There is no discernible aesthetics or philosophy at work: As an institution, IFP supports all shapes and sizes of creation. For the 1997 Berlin Festival program, it was important to send a cross-section of films like the more commercial Puddle Cruiser and the gay-themed The Delta. Both are independently made and both filmmakers are struggling to be heard, but they have different points of view and different target audiences. These films are the extremes, and it’s important for IFP to represent those extremes.

Nor is IFP solely concerned with commercial success–it’s more about discovering talent. Ed Burns was around a long time before The Brothers McMullen, an IFP discovery, became a commercial success. Kevin Smith has been extremely supportive of the organization, grateful that it helped him transform from a “nobody” (as he said) to having a career.

There has been talk of the IFP branches forming a national organization, which is a good idea. From an audience-building standpoint, the opportunity is there and the timing is right for an effort to work together, instead of representing the filmmakers regionally. Nationwide, the five separate organizations have a membership of 8,000, a powerful tool that hasn’t been fully used.

IFP/West, which accounts for 4,500 of the national membership, is the largest branch. It presents the annual Independent Spirit Awards during the Oscar weekend. What better indicator of the institutionalization of indies than sponsoring their own “Oscars.” The Spirit Awards have mirrored the history of indie filmmaking, growing from a small get-together at a West Hollywood restaurant to a large seaside blowout, televised on Bravo and attended by Hollywood’s elite. Many in the creative community now commute regularly between Hollywood and indie films.

Other Associations

The Association of Independent Video and Filmmakers (AIVF), which moved in 1997 to a more spacious location with a screening room, recently received a $100,000 NEA challenge grant. Headed by executive director Ruby Lerner, AIVF is in more stable shape than other nonprofit units. But what’s frustrating is the termination of NEA’s small grants program–numerous careers were founded on those $3,000 to $5,000 grants.

Non-fiction films are aided by the International Documentary Association, a non-profit organization established in 1982 to promote nonfiction film and video and to support the efforts of documentary filmmakers around the world. The association publishes its own magazine, “International Documentary,” and has its own annual awards.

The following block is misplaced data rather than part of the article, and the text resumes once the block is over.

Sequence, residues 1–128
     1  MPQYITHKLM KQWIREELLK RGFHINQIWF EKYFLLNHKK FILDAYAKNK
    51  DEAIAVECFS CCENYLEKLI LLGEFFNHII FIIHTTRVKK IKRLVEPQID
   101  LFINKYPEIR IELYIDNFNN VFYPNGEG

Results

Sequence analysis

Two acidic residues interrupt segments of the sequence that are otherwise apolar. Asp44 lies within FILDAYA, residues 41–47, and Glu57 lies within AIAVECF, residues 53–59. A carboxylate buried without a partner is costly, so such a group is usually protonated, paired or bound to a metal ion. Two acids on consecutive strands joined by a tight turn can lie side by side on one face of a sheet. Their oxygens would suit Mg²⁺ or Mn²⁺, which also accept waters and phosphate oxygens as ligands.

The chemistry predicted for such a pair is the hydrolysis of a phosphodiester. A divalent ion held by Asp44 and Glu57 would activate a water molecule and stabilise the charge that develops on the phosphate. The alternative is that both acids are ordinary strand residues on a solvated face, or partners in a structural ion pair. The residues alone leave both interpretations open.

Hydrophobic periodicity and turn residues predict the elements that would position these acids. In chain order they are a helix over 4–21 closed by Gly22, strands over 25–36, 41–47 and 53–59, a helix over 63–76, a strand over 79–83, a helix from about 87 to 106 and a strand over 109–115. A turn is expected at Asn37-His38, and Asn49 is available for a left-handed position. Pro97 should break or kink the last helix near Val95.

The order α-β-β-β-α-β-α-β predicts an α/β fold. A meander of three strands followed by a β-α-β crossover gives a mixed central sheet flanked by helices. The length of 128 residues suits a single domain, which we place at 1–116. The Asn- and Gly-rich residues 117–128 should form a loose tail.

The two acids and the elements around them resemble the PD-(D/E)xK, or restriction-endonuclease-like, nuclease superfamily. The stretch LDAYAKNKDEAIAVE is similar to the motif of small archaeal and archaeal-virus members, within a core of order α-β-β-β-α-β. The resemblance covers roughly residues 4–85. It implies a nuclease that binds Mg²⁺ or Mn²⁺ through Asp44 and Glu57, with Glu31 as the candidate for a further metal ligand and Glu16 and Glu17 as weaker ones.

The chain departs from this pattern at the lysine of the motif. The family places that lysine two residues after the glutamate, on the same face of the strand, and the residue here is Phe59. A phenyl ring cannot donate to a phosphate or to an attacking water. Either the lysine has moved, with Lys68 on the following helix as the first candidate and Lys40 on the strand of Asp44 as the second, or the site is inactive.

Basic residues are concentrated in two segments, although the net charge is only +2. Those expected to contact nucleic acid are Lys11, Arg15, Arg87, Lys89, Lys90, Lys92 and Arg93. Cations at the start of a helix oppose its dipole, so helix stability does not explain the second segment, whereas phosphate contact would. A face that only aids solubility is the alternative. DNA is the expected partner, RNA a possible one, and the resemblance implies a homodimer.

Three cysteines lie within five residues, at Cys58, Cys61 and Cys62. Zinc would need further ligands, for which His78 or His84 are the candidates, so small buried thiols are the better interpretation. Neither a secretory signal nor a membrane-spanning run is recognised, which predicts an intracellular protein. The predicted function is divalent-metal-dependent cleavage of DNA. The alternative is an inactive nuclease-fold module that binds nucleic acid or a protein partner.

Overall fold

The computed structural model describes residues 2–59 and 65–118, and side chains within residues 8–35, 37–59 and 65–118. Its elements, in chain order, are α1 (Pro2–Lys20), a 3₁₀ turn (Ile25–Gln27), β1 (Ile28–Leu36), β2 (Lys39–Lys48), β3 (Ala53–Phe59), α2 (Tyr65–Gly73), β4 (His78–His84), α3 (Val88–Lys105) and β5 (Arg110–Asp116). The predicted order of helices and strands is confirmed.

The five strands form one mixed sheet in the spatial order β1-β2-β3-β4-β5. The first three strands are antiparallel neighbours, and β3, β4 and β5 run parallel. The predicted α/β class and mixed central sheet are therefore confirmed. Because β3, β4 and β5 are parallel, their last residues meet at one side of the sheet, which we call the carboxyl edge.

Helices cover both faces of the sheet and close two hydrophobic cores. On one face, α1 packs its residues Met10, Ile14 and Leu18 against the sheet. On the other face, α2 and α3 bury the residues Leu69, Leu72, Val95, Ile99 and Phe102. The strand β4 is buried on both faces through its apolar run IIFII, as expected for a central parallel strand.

Premium cable channels, such as Bravo, the Independent Film Channel, and Sundance specialize in airing indie fare. Bravo, the first channel to promote art fare, is the largest, reaching 22 million subscribers on 550 cable systems.

The Independent Film Channel (IFC), which launched in 1994, has quickly emerged as a major force, its growing indie library fed by deals with Miramax, Sony Classics, Orion Classics, Goldwyn and Fine Line. By 1995, the 24-hour channel, owned by Calbevision Systems Corp. and NBC, distributed by Bravo, was available in 2 million homes. Three years later, its reach has doubled. IFC has parlayed its growing subscriber base to a more aggressive title expansion through deals with a wide array of distributors.

IFC and Sundance Channels

Though dedicated to independent films and their creators, IFC programming includes retrospectives of foreign directors like Kurosawa and Truffaut, and it also provides live coverage of film festivals such as Cannes and Sundance and its own original shows. Because the network is not looking for first windows or for exclusivity on titles, the average price hovers between $15,000 and $20,000 a picture. At that rate, IFC can buy about 200 movies for less than the price paid by premium networks like HBO or Showtime.

After enjoying a virtual two-year monopoly on independent film broadcasting, however, IFC is now competing for viewers with the Sundance Channel, which launched in February 1996 in select cities and is spreading quickly. The Sundance Channel is a cable and satellite pay channel, which gives platform to films that have not found a release.

In 1998, the Sundance Group, the commercial spinoff of the nonprofit Sundance Institute, entered the exhibition business by partnering with the General Cinema. Operating a cable channel in partnership with Viacom and PolyGram, the Sundance Channel wants to leverage the brand awareness created by the Sundance Festival by establishing what some call the “Starbucks of indie film exhibition.” The first Sundance Cinema, a joint venture of Redford and General Cinemas, is in Portland, Oregon, but there are plans to build sites in other cities, which will increase the exposure of indie fare.